The lower knob is the Tonestyler. The numbers in my top secret alphanumeric code refer to clicks from the most bass position, which would correspond to "off" on a volume knob. (The top knob is a master volume.)
The amp stays set the same, no preamp fiddling, no foot pedals, just click and go. Sounds sort of like some kind of kitchen floor cleaning gizmo, but it's not. It's an astounding upgrade to a Barker Bass.
A word about Ginner. I had targeted that bass to be my own from the beginning. There was a flaw in the body--not easy to find, but I knew where it was. It couldn't go out the door as a typical representative of the marque, so it stayed around, its future marked boldly: "For Lee."
One year at NAMM we met some delightful men from China who were vending instrument hardware. They were our neighbors across the aisle. We became friends, and they were intrigued with the Barker Bass. On our last day there, they insisted I take a set of their tuning machines. I graciously accepted, out of a sense of diplomacy as well as professional curiosity about less expensive instrument hardware. The machines went into the same figurative drawer as the marked body.
And there was that endpin that Rod, my welder (really, that's his name) missed--the plate a little askew from the shaft.
And Stew at Nordstrand had been gently reminding me that he thought a set of split coils would sound really good in a Barker. I bit on that one. More in the drawer.
And there was this orphan neck. It was not quite "right" but I knew that I could make it work for me.
It looked like an ideal platform for testing the Stellartone.
In fact, I could test the Tonestyler on any Barker B1--it leaves no marks or scars--but I was convinced, from Will Witt's experience with his B1-5 and my playing the Brio here, that this was going to be right down my teacup.
I like it a lot. Ginner will be around a long time.
She's named after my mother, who died in mid October. Mom survived the Depression by getting by. She was a saver: "You never know when you might need one of these..." She was genius at making do. She would appreciate that I built in her honor not a perfect, top-o'-the-line bass, but one characterized by the triumph of using what's at hand. #99. Unique. Of humble origins. Stands tall.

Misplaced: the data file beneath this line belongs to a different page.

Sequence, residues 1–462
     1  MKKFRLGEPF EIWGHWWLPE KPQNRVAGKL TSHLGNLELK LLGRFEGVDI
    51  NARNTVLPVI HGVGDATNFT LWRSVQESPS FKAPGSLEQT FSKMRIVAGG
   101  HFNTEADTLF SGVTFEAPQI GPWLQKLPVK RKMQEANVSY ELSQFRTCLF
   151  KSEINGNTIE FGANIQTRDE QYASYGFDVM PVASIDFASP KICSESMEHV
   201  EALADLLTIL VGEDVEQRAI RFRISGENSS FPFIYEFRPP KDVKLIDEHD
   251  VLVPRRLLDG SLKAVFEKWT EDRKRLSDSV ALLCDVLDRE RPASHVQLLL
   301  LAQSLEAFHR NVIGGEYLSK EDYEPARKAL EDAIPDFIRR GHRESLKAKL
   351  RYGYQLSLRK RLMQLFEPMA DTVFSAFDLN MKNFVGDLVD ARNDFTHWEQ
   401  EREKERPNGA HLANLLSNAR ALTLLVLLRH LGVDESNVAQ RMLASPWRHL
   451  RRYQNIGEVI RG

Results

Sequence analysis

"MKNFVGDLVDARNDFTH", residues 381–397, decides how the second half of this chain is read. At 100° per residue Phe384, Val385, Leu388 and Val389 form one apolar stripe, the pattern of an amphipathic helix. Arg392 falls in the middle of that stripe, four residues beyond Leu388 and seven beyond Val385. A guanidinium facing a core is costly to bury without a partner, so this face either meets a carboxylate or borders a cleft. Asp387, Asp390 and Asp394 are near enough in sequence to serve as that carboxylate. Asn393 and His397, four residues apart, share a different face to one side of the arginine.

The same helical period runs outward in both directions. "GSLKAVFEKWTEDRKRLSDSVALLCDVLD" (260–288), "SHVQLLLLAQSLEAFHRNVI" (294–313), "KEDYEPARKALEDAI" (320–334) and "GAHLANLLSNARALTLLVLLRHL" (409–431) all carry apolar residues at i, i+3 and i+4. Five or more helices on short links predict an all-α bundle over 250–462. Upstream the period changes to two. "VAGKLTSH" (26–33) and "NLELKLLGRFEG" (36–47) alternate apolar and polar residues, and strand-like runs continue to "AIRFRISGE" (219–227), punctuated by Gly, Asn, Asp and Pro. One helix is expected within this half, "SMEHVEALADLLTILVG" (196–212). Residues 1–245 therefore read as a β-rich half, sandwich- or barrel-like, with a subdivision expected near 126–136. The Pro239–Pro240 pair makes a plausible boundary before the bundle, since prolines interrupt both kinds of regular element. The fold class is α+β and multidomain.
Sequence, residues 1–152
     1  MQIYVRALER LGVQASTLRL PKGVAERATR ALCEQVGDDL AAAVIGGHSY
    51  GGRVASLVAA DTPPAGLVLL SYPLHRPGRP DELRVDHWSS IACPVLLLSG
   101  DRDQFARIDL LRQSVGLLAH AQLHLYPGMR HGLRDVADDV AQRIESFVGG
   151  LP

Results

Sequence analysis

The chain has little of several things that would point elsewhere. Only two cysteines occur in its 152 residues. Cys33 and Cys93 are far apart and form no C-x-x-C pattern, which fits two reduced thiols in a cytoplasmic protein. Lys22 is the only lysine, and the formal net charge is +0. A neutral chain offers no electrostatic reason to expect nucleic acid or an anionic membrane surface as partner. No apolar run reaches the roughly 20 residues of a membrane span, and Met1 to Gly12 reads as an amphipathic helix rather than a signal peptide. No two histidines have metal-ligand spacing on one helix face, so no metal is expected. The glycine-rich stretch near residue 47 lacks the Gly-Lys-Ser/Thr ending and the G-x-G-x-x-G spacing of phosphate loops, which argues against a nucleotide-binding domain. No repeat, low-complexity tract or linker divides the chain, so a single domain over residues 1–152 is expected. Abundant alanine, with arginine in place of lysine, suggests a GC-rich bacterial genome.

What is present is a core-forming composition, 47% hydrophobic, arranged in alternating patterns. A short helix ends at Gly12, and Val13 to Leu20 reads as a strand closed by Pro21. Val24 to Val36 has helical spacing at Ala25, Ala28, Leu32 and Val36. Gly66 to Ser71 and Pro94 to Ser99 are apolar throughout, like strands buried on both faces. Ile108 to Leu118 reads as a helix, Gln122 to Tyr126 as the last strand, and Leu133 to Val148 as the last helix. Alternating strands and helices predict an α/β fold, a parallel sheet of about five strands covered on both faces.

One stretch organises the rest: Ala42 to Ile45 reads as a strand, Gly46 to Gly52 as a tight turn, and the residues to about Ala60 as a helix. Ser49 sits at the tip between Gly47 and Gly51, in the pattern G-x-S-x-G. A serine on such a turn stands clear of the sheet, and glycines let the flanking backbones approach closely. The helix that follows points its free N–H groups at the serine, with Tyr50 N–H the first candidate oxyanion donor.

Wednesday, December 10, 2008
Tuesday, December 2, 2008
That's a Wordle. I did it here: http://www.wordle.net/ It's Linda's fault, she's the one who put me on to pasting a block of text and then tweaking it to make it art. I selected stuff from the Jaguar Amplifiers web site. How does it strike you? Does it stand on its own art feet? Does it additionally pull you into to some ideas, some concepts, that speak not to the other, but to the original object of the text?
I love words. I got that from my dad, who was born the son of a printer, became one himself, working for years both full time and part time as a Linotype operator in the days of pots of hot lead. That alone would not necessarily facilitate the leap to wordsmithing, so perhaps his dad, who did considerable writing, fostered the passion.
(I must inject this: In the latest Wireless catalog, the vendor of cuteness to the Public Broadcasting Fans of the World, there's a shirt that reads, "I'm a Wordsmith, which is like Blacksmith, only without the tools and fire and stuff.")
I have always enjoyed the attempt to find the right words, and the music in them, but I never spent much time ogling letters in combination. Linda, however, the Mrs. Barker of Barker Musical Instruments, is a self taught graphic artist who gets excited about typefaces.
She created the B logo for the Barker Bass, and is responsible for much of our print stuff.
Now I can't write something without wondering what typeface ought to be used. And I admire the results when someone else nails it.
Henry Clift is the powerhouse behind Jaguar Amplifiers. He's the persistent type, with the 1% inspiration, 99% perspiration ratio hardwired into his genes. He starts with an idea and proceeds doggedly until it is realized.
You can read the story on the Jaguar Amplification web site, http://www.jaguaramplification.com/index.html
I like the way his bass amp sounds. My oh my. And I like the way those typefaces look.
And on top of that, his story is Wordle-Worthy.
(To see that Wordle in a bigly way, just click on it!)